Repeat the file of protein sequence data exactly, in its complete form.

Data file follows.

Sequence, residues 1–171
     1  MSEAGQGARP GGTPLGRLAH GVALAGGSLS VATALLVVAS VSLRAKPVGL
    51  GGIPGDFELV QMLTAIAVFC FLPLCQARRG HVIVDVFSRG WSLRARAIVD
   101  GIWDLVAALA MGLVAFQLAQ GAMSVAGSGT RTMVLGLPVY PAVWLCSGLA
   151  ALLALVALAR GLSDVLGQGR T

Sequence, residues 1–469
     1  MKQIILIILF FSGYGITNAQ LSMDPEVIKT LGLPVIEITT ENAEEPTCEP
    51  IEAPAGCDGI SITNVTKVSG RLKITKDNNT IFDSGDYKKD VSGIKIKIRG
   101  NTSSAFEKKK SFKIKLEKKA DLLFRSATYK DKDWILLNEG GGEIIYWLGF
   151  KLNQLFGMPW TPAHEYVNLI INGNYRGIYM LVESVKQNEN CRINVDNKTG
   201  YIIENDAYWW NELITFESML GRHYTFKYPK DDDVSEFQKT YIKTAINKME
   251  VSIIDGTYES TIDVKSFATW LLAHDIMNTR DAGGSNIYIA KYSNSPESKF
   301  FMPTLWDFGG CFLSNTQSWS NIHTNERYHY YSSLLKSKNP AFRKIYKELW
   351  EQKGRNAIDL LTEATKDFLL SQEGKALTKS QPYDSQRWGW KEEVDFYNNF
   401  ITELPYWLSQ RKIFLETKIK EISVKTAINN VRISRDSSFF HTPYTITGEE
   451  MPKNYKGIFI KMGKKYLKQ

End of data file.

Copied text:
Sequence, residues 1–171
     1  MSEAGQGARP GGTPLGRLAH GVALAGGSLS VATALLVVAS VSLRAKPVGL
    51  GGIPGDFELV QMLTAIAVFC FLPLCQARRG HVIVDVFSRG WSLRARAIVD
   101  GIWDLVAALA MGLVAFQLAQ GAMSVAGSGT RTMVLGLPVY PAVWLCSGLA
   151  ALLALVALAR GLSDVLGQGR T

Sequence, residues 1–469
     1  MKQIILIILF FSGYGITNAQ LSMDPEVIKT LGLPVIEITT ENAEEPTCEP
    51  IEAPAGCDGI SITNVTKVSG RLKITKDNNT IFDSGDYKKD VSGIKIKIRG
   101  NTSSAFEKKK SFKIKLEKKA DLLFRSATYK DKDWILLNEG GGEIIYWLGF
   151  KLNQLFGMPW TPAHEYVNLI INGNYRGIYM LVESVKQNEN CRINVDNKTG
   201  YIIENDAYWW NELITFESML GRHYTFKYPK DDDVSEFQKT YIKTAINKME
   251  VSIIDGTYES TIDVKSFATW LLAHDIMNTR DAGGSNIYIA KYSNSPESKF
   301  FMPTLWDFGG CFLSNTQSWS NIHTNERYHY YSSLLKSKNP AFRKIYKELW
   351  EQKGRNAIDL LTEATKDFLL SQEGKALTKS QPYDSQRWGW KEEVDFYNNF
   401  ITELPYWLSQ RKIFLETKIK EISVKTAINN VRISRDSSFF HTPYTITGEE
   451  MPKNYKGIFI KMGKKYLKQ